major causes of teen violence in school. If the families, the schools (faculty) and the neighborhoods help these violent teenagers then in the future there won’t be this problem anymore (or it will at least be reduced).
Need Writing Help?
Get feedback on grammar, clarity, concision and logic instantly.Check your paper »
- The Growing Problem of Teenage Violence in Schools Today There is a growing problem with teenage violence today in school. The problem is teenagers are getting more and more violent. Many of them resort to violence as a way to deal with anger and stress. Most of teenage violence starts with the so called thugs who think they rule the school. Not just the thugs but anybody in general who thinks they can beat up on people and act all tough and push everyone around. Another source of this violence is the outcasts or nerds that the bullies pick on because they’re different, but the worst type of violence is racism, like Nazis who hate people because of there race, religion, or there sexual... [tags: School Violence Essays]
1197 words (3.4 pages)
- Social withdrawl, severe feeling of isolation, being bullied, uncontrolled anger. These are all warning signs of violence starting in schools. (Charlene Alexander) The United States is facing an outbreak of seriously violent crimes in middle schools and high schools across the country. (Mechthid Schaefer) Violence in schools really affects students learning and their learning habits. If a student is being picked on or bullied, that causes them to feel socially withdrawn. In turn, this leads to the student not wanting to be in school or not being able to concentrate on what matters the most, their future.... [tags: School Violence Essays]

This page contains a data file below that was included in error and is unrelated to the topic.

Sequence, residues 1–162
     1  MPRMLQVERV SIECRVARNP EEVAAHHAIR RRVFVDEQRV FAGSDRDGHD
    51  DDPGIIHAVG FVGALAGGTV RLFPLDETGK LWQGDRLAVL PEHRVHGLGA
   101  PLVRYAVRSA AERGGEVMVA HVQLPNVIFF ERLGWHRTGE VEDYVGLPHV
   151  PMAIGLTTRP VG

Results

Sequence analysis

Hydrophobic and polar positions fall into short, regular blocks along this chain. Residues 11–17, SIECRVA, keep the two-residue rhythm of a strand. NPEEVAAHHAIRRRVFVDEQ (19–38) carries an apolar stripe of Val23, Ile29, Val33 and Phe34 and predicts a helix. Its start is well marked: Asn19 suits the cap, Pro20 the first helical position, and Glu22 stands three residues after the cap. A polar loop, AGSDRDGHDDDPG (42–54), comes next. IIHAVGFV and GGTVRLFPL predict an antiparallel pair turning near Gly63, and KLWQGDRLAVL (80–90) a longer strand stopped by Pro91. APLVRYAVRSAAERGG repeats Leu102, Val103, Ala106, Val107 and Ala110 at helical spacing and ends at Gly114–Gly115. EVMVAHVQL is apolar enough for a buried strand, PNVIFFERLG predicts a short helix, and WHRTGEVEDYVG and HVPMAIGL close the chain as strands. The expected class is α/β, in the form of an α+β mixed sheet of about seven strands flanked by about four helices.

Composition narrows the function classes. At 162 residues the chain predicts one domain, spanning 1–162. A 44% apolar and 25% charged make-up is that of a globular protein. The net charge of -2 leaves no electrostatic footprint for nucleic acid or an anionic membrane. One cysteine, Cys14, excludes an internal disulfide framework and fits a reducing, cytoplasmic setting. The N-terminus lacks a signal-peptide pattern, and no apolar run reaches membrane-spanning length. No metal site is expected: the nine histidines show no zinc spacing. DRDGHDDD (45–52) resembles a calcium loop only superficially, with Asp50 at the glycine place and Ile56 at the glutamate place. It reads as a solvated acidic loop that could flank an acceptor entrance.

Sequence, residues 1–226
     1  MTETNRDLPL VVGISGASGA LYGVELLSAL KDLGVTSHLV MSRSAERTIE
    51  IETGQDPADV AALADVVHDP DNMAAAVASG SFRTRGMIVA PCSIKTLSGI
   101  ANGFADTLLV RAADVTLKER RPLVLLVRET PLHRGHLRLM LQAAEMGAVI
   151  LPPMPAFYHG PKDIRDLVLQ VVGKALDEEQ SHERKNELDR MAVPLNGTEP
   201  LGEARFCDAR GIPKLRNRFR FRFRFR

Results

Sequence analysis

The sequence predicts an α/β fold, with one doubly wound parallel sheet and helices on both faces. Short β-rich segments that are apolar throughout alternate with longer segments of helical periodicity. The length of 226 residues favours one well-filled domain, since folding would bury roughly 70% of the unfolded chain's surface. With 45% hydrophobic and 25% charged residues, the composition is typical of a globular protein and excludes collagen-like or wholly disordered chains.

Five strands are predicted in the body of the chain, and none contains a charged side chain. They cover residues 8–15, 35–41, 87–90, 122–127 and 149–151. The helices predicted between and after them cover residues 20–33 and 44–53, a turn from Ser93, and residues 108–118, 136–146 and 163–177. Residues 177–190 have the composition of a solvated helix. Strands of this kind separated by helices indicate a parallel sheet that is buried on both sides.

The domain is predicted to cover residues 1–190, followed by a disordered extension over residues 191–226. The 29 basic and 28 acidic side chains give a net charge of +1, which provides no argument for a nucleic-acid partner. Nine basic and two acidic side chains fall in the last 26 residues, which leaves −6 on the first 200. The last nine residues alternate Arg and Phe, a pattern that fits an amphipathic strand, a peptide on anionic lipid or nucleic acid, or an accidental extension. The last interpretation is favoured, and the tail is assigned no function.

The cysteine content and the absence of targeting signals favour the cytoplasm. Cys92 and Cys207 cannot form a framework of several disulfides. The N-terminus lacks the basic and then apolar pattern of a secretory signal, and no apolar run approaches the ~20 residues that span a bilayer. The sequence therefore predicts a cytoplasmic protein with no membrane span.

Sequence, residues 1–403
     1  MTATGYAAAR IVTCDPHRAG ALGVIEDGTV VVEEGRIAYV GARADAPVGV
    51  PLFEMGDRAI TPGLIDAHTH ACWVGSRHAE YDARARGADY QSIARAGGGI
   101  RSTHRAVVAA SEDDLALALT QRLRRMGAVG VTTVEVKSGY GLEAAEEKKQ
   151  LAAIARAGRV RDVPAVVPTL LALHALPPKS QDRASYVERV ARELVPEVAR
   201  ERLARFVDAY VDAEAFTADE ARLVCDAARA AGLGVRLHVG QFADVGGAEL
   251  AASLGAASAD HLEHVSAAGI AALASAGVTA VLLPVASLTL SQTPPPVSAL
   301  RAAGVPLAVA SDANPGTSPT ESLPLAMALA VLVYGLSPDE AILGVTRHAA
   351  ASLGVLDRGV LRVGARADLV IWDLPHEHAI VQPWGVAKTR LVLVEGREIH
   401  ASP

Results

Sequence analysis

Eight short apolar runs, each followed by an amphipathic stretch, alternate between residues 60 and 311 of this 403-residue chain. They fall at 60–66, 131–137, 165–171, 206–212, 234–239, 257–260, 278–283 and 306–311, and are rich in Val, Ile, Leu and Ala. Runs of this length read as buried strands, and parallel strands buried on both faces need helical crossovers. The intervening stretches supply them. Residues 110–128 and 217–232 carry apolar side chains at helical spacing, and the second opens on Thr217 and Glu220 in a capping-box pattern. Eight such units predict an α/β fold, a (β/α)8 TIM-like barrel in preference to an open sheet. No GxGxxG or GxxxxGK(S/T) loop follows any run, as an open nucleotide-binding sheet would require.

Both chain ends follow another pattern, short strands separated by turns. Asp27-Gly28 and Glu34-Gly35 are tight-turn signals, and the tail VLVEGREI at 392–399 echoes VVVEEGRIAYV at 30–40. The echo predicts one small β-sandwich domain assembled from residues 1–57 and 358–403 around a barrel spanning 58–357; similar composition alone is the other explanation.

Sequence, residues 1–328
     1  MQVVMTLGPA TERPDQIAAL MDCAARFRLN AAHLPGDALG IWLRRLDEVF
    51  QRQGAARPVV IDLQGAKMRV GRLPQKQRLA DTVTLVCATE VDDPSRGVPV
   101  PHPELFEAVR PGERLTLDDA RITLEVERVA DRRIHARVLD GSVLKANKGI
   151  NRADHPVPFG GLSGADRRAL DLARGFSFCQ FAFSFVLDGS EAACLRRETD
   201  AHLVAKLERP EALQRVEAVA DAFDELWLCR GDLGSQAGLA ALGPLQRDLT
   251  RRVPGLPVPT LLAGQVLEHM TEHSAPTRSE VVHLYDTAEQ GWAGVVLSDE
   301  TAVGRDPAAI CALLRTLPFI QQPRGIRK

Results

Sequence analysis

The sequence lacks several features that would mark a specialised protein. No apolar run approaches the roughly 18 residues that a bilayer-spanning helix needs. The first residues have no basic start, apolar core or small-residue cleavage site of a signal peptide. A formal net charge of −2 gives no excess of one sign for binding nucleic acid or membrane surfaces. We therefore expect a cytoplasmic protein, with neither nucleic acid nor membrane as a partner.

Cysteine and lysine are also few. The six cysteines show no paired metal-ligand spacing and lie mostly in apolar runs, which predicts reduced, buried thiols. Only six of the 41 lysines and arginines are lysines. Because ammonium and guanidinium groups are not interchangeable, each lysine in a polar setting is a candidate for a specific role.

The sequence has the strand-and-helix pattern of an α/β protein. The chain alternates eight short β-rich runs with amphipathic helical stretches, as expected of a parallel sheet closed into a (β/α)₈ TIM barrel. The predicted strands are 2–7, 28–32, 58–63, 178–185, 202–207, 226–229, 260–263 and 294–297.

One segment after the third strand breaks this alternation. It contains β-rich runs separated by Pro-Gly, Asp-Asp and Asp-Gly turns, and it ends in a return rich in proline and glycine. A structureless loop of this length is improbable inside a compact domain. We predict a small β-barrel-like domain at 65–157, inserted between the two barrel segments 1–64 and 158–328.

933 words (2.7 pages)
- Teenage Suicide Each day 86 Americans take their own lives and another 1,500 attempts to do so. Even more disturbing is that suicide among a young people nation wide have increased dramatically in recent years. In fact thousands of teenagers each year commit suicide. It is the third leading cause of death among young adults aged 15-24. With the first two leading causes being unintentional injury and homicide. There are many reasons why teenagers feel the need to take their own life. They are at a time in their life where they are strongly feeling stress, confusion, self doubt, pressure to succeed, and other fears while growing.... [tags: Teenage Suicide Essays]
1392 words (4 pages)
- Every year, nearly one-million twelve to nineteen year olds are murdered robbed, or assaulted many by their peers and teenagers are more than twice as likely as adults to become the victims of violence. Although the problem is far too complex for any one solution, teaching young people conflict resolution skills, nonviolent techniques for resolving disputes seems to help. To reduce youth violence, conflict resolution skills should be taught to all children before they reach junior high school.... [tags: Teens Teenage Violence]
400 words (1.1 pages)
- Throughout the decade, violence in high schools and colleges has been dramatically increasing and taking a toll on society. The Columbine High School Massacre in Colorado, the sixteen year old boy beaten to death in Chicago, the Virginia Tech rampage, and the death of Yale student Annie Le should encourage government officials to discover a precise solution to cease this type of violent behavior. It seems like every time we read the newspaper, or turn on the TV, someone has been murdered or severely injured from violence in high schools and colleges.... [tags: School Violence Essays]